Hall resigns from county auditor/controller following primaries

In an unprecedented move, Madera County Auditor/Controller Marcia Hall submitted her resignation to the Board of Supervisors early Wednesday morning following her defeat in Tuesday’s election.

After being appointed to the Madera County Auditor/Controller position in Dec. 2011, and spending two years working on complete several previously delayed audits, it took Marcia Hall just a few hours to pack her things and vacate her office following the results of Thursday’s June 3, primary election.

According to statements made to the Madera Tribune, Hall’s decision to resign rested solely on her families needs citing her commitment to her family as the main reason for leaving prior to the completion of her term.

“Obviously, we are disappointed with the results, but the Madera County voters have spoken,” Hall said in a prepared statement.

Prior to the June 3 election, Hall was under scrutiny for several questionable matters including residency issues and in-house lawsuits.

An article written in Big Valley News on March 25, 2014 accused Hall of defrauding Madera County by living, and filing home owner-occupied taxes in Merced while working in an elected Madera County position

According to elected county office qualifications, no matter whether the officer is elected or appointed, the holder of an elected county office must reside in the county of which they work. If appointed, the Board of Supervisors reserves the right to wave the residency qualification until an official election is conducted.

Detailed reports showed Hall owned a home and lived in Merced when she was appointed by the board of supervisors in a 3-2 vote in December of 2011.

It should be noted that the board was aware of her residency issues at the time of her application for appointment and upon legal advisement, in a unanimous vote, chose to waive the residency requirement until her potential re-election in June, 2014.

According to Hall, she had a difficult time finding a home to rent but finally found one inside Madera County, near the Chowchilla golf course, where she claimed residency throughout her campaign.

Other accusations include untimely reports which stood to cost the county millions in lost revenue, something Hall credited to the culture prior to her arrival.

A last minute discussion was placed on Tuesday’s Board of Supervisor’s agenda to address the direction regarding the vacancy in the Auditor/Controller’s Office, including the possibility of appointing Miller to the position prior to him being sworn in.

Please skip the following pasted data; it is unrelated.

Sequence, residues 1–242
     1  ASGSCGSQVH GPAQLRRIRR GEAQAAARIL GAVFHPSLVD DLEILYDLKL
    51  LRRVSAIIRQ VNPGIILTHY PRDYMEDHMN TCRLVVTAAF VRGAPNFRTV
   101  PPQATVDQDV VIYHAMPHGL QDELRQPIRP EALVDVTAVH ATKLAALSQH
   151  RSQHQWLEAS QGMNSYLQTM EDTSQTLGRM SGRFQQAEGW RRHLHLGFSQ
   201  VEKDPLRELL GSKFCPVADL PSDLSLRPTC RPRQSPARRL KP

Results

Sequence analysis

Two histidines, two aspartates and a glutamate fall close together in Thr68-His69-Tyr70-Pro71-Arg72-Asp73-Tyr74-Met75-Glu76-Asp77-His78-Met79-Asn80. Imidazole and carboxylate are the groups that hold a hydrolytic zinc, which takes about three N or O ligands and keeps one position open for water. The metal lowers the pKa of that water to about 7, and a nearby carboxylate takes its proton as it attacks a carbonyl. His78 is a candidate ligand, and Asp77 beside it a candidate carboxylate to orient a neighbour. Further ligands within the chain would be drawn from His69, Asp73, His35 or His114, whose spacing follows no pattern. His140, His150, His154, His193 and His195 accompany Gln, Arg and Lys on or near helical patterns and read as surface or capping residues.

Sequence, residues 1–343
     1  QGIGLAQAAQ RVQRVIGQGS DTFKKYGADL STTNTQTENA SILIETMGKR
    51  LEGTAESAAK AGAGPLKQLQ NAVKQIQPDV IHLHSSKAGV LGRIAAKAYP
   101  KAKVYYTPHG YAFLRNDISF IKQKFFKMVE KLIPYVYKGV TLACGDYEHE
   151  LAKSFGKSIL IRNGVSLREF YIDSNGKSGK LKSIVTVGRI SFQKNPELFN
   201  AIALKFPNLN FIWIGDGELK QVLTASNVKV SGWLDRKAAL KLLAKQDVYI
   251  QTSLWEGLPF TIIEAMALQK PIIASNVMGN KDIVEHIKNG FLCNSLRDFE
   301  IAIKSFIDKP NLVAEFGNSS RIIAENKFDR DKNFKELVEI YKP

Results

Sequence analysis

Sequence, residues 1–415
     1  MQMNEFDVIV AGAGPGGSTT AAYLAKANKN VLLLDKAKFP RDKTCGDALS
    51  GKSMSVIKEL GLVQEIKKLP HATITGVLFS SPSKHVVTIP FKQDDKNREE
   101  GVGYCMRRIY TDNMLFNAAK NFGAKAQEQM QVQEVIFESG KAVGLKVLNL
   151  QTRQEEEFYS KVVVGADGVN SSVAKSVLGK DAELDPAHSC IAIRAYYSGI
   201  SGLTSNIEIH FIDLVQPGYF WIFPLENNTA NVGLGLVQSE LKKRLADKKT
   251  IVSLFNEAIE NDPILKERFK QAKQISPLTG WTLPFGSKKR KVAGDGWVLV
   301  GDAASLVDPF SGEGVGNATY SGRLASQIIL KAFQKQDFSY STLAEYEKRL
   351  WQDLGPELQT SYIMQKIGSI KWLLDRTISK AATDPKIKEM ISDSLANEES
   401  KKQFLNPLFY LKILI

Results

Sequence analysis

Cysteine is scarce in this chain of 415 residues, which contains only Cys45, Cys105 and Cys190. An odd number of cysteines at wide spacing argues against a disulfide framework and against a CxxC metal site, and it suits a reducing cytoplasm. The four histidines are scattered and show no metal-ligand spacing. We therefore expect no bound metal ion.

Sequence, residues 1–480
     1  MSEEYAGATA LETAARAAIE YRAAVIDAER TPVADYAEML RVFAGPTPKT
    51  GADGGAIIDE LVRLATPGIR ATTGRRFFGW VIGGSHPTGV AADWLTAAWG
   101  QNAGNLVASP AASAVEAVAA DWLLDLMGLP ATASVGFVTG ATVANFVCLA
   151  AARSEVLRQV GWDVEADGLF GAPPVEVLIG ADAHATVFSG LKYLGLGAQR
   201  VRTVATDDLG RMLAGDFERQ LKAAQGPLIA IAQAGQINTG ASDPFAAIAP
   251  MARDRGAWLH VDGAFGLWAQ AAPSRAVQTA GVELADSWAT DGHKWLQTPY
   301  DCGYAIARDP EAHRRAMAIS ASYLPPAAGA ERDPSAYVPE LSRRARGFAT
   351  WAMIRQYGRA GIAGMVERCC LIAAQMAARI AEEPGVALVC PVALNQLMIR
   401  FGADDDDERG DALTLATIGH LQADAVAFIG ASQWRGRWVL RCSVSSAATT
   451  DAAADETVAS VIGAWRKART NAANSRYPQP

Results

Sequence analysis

County Council Doug Nelson said it was too soon to know who might be qualified to be appointed for the interim position, but made it clear that filling the position was of the utmost importance.

“We have to have someone appointed relatively soon so that we can continue the functions of the office,” Nelson said. “Someone needs to be the auditor.”

District 5 Supervisor, Tom Wheeler, restated the importance of recognizing Hall’s resignation and moving forward. This year’s audit, if completed by its mid-July deadline, will be the first yearly audit to be submitted on-time in roughly a decade, Wheeler said.

“We are closer to being all caught up [on audits] than we have been in ten years. We have been fighting it and we are so close it’s not funny,” Wheeler said.

Wheeler said he is confident in Miller’s ability to continue cleaning up the inconsistencies that caused so many delays throughout the auditor’s office and forfeited county funding.

“We cannot wait for January, I think we need to just move forward and move on,” Wheeler said. “I don't want to miss that date. I hope everyone is on board and we can get it completed on-time.”

Hall is the third Madera County auditor-controller to resign in the past five years and her resignation comes two years after the resignation of Hall’s predecessor, Janet Kroeger.

Madera County Chief Administrative Officer, Eric Fleming, said he was caught off guard by Hall’s resignation and believes Hall’s time and hard work in her time in office wasn't for nothing.

“I don’t know why she resigned but I think she has done a good job up to this point,” Fleming said. “She made obvious improvements in getting us caught up on our yearly audits.”

According to Fleming, Assistant Auditor/Controller Karl Noyes has temporarily taken over day-to-day operation until the board can come up with an interim auditor/controller to fill the position until January.

Fleming will personally recommend Noyes be placed into that interim position, noting his knowledge and experience as the main reasons for his endorsement.

“Karl Noyes has reassured me that progress will continue and he has stepped up to take on day-to-day responsibilities,” Fleming said.

In the meantime, in lieu of Halls absence, the Board of Supervisors will make a decision during Tuesday’s board meeting to decide the best route to temporarily fill the position until the elected auditor controller, Todd Miller, is officially sworn-in.

Miller planned to train under the supervision of unnamed out-of-county auditor to obtain the proper information and gain the techniques necessary to be a county auditor. According to Wheeler, if appointed early, the board might be willing to give Miller the time needed to get up to speed.

Miller, who recently defeated Hall in the election for the Madera County auditor-controller by a 56% to 43% vote, said he is ready to take office whenever he is requested.